[ἐπὶ τὸ ἀπόρρητον Ἡλιόδ]ωρον Παιανιέα·
Ag.15:259 (97/6 BC) 90
[— c.12 —· ἐπὶ τὸ ἀπ]όρρητον Φιλωνίδης Ἀφιδ[ν]αῖος·
Ag.15:260 (start 1C BC) 29-30
[τὸν ἐπὶ τὸ] | [ἀ]πόρρητον Δι[— —]
Ag.15:261 (95/4 BC) 60
[τ]ὸν ἐπὶ τὸ ἀπόρρητον Σίδωνα Λακιά|[δην]
SEG 21:466 (135/4 BC) 6-7
τὸν] | [ἐπὶ τὸ ἀπόρρητον Ἡλιόδ]ωρον Παιανιέα·
SEG 40:117 (131/0 BC) 38
[ἐπὶ τὸ ἀπόρρητον — —]
[ὁ] ἐπὶ τοὺς νόμους (secretary for the laws)
Ag.15:53 (324/3 BC) 19-21
ἐπὶ τοὺς νό[μους] | Εἰρηνοκλῆ[ς — ] | Ἀθμονεύ[ς]
Ag.15:58 (305/4 BC) 78-79
ἐπὶ τ[οὺς νόμους] | Δημ[— — —]
Ag.15:62 (303/2 BC) 235-6
ἐπὶ τοὺς νόμους Φάϋλλος | Φαίακος Ἑστιαιόθεν
Ag.15:259 (97/6 BC) 92-93
ἐπὶ το[ὺς] νό[μους — c.6 —]
ἔφορος (ephor)
IG V,1 931 (after 146 BC) 34-37
[ἀναγράψαι] / εἰς στ[άλαν λιθίναν τοὺς] | ἐφόρους
IG V,1 962 (undated) 31-38 (Emprunt 25)
ἀναγράψαι δὲ | τὰν προξενίαν ταύταν | τοὺς ἐφόρους
IG V,1 965 (2C BC) 16-20
τὰν δὲ προξενί|αν ταύταν ἀναγραψάντω οἱ ἔφοροι
IG V,1 1110 (after 146 BC) 9-16
τὰ[ν δὲ προξενί]|αν ταύτα[ν ἀναγράψαι] | τοὺς ἐφό[ρους]
IG V,1 1111 (after 146 BC) 26, 34-38
τὰν [δὲ] | προξενίαν ταύταν ἀναγραψάντ[ω τοὶ ἔφο]|ροι
IG V,1 1113 (undated) 9-13
τὰν δὲ προξενίαν ταύταν τὼς | ἐφόρ<ω>ς ἀναγράψαι
IG V,1 1114 (1C BC) 2-4, 27-30
[ἐγδότωσαν] | [δὲ ο]ἱ ἔφοροι στάλαν λιθίναν κα[ὶ
ἀναγραψάν]|[τω τὸ ψάφισμα] καὶ θέντω εἰς τὰ[ν] ἀ[γορ]ὰ[ν
εἰς] | [τὸν ἐπιφανέστατ]ον τόπον
IG V,1 1144 (c.80 BC) 20-21, 33-36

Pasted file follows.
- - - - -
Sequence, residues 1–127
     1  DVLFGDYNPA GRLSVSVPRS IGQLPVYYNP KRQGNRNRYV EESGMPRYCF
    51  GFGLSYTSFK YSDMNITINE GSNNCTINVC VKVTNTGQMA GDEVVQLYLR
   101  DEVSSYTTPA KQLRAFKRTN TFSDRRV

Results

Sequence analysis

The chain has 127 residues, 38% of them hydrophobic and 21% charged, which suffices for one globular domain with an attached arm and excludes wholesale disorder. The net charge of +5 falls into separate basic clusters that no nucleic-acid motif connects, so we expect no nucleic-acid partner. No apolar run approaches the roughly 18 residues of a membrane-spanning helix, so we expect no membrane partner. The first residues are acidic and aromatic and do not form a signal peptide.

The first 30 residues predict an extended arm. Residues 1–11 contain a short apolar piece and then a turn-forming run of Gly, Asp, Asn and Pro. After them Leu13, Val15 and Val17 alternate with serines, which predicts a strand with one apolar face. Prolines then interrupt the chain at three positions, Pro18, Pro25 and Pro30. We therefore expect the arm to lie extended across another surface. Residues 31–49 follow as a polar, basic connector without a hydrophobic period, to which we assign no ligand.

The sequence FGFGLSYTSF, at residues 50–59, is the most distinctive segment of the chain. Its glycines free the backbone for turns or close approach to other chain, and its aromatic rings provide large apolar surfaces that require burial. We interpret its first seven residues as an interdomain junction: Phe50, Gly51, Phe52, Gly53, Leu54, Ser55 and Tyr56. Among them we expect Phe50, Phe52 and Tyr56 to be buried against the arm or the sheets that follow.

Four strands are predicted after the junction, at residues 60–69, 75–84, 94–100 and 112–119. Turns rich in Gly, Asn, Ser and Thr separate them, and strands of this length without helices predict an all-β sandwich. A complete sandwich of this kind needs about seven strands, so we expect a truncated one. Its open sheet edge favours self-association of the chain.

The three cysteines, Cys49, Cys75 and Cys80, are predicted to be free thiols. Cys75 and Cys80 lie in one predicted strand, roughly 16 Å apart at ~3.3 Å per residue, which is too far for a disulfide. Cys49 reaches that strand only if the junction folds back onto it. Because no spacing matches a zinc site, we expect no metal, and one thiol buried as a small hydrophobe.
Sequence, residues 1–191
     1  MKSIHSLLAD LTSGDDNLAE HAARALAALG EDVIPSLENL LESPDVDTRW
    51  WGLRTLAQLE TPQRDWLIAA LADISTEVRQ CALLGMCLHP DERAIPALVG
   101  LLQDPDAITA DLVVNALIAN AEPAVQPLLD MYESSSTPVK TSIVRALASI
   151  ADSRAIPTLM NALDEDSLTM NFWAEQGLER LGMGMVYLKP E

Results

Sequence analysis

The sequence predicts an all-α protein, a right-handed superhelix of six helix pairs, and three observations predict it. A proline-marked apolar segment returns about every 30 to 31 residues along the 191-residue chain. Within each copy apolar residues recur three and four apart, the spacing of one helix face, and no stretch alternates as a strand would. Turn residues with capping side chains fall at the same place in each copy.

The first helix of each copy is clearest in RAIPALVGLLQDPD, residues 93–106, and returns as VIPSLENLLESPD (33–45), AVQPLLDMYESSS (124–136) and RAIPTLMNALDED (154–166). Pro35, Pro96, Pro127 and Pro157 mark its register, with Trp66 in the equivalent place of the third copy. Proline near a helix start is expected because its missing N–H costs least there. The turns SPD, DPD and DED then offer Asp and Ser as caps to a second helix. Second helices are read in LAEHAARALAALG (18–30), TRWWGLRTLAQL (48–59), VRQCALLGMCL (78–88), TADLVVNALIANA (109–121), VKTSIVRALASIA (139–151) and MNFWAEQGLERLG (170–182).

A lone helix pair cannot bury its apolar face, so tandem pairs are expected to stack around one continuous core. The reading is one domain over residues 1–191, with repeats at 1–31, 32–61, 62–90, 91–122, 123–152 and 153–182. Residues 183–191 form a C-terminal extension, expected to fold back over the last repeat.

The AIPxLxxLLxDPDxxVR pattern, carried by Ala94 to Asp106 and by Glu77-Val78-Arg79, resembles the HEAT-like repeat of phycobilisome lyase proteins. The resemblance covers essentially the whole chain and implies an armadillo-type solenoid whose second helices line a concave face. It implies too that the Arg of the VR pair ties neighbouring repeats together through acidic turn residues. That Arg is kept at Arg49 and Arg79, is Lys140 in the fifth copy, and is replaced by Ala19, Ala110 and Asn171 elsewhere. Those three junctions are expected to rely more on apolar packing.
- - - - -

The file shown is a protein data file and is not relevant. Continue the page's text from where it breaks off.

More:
οἱ δὲ ἔφοροι οἱ ἐπὶ Κλεάνορος τούτου | τοῦ νόμου ἀντίγραφον
εἰστάλαν λιθίναν γρά|ψαντες ...
IG V,1 1145 (70 BC) 4-5, 10, 44-51
…τὰν δὲ προξενίαν ταύ[ταν οἱ ἔφο]|[ροι ο]ἱ ἐπὶ στραταγοῦ
Βιάδα ἀναγράψαν[τες εἰς] | [στ]άλαν λιθίναν...
IG V,1 1146 (71/70 BC) 51, 52-54 (Emprunt 24)
ἀναγραψάντω δὲ οἱ ἔφοροι οἱ ἐπὶ Νικα|ρετίδα τούτων τ[ῶν]
φ[ι]λαν[θρώ]πων <ἀντίγραφον> εἰς στάλαν λιθίναν ...
IG V,1 1336 (undated) 17-22
ἀναγράψαι δὲ τοὺς ἐφόρους / τὰν προξενίαν / γράψαι δὲ καὶ
ἀντίγραφον τᾶς προ|[ξ]ενίας
SEG 11:974 (1C AD) 14-15, 24-36
καὶ οἱ μετὰ Μενέ|[σ]στρατον ἔφοροι εἰκόνα αὐτοῦ γραπτὰν /
Γραψάντω δὲ καὶ οἱ νομογράφοι / Ἀναγραψάντω δὲ τοῦτο τὸ
ψάφισ[ζμα οἱ ἔφοροι]
ἱερεύς (priest)
IG II2 1237 (396/5 BC) 1-3, 18-26, 61-68, 106-108,
116-126
τὸ δὲ ψήφισμα τόδε προσαναγ|ραψάτω ὁ ἱερεὺς
εἰς τὴν στήλην τὴν λι|θίνην / phratriarch / [δὲ καὶ
τὸν ἱερέα] | ἀναγράψαντα ἐν σανιδί[ωι λευκῶι]...
κατακόος (katakoos)
IPArk 17 (303-300 BC) 2-26, 193-4 (IG V,2 357)
280
gropheus / καὶ τὼ κατακόω εἰσδόντω τὰν ζα[μ]||ίαν τοῖς
ἄρχουσιν
κατάλογος βουλᾶς (katalogos boulas)
IG IV²,1 49 (4/3C BC) 1-15
κατάλογος βουλᾶς Ἀρι|στίων Ἐριλαΐς
IG IV2,1 51 (4C BC) 14
κατάλογος βου[λ]ᾶς·
IG IV²,1 53 (4C BC) 12-13
κατάλογο]ς βουλᾶς | [c.8] Μελκιδών.
IG IV²,1 54 (4C BC) 9-10
κατάλογος βουλᾶς vac. | Αἰσ[χ]ίνας Ναυφεΐς.
IG IV²,1 58 (4/3C BC) 4-5 & 12-14
κατάλογος βουλᾶ[ς] | Τιμοκράτης Παγασίνα.
2
IG IV ,1 96 (c.300-250 BC) 44-50
ἐπὶ καταλόγων βουλᾶς ἐπὶ τᾶς τελείας ...
Peek NI 11 (undated) 14
[καταλόγος βουλᾶς…]
Peek NI 12 (undated) 9
[καταλόγ]ος βο[υλᾶς — — ]
Peek NI 13 (undated) 11-13
καταλ[ό]|[γ]ος βουλᾶς Ἵλαρος [Πλει]άτιος.
Peek NI 15 (2C BC?) 14
[ἐπὶ καταλό]γων βουλᾶς Οἴτας Παγασίδ[α εἶπεν]·
SEG 11:413 (mid 3C) 24
ἐπὶ καταλόγου βου[λας
SEG 26:445 (c.350 BC) 17-20
κατα|λόγος βουλᾶς | Νίκαιος | Πολιτάδος
κήρυξ (herald)
IG IV2,1 83 (40-42 AD) 7, 14-19
τὸν δὲ κήρυκα Λυσιάδην γρά|[ψ]αι τῆι Ἐπιδαυρίων πόλει...
νομογράφος (nomographos)
IG IV 679 (late 3/2 BC) 4-13, 23-31
τοὺς δὲ νομογράφους / κατα[χ]ω|ρίσαι τοῦτο <τὸ> δόγμα εἰς
τοὺς [νόμους]. / With damiorgoi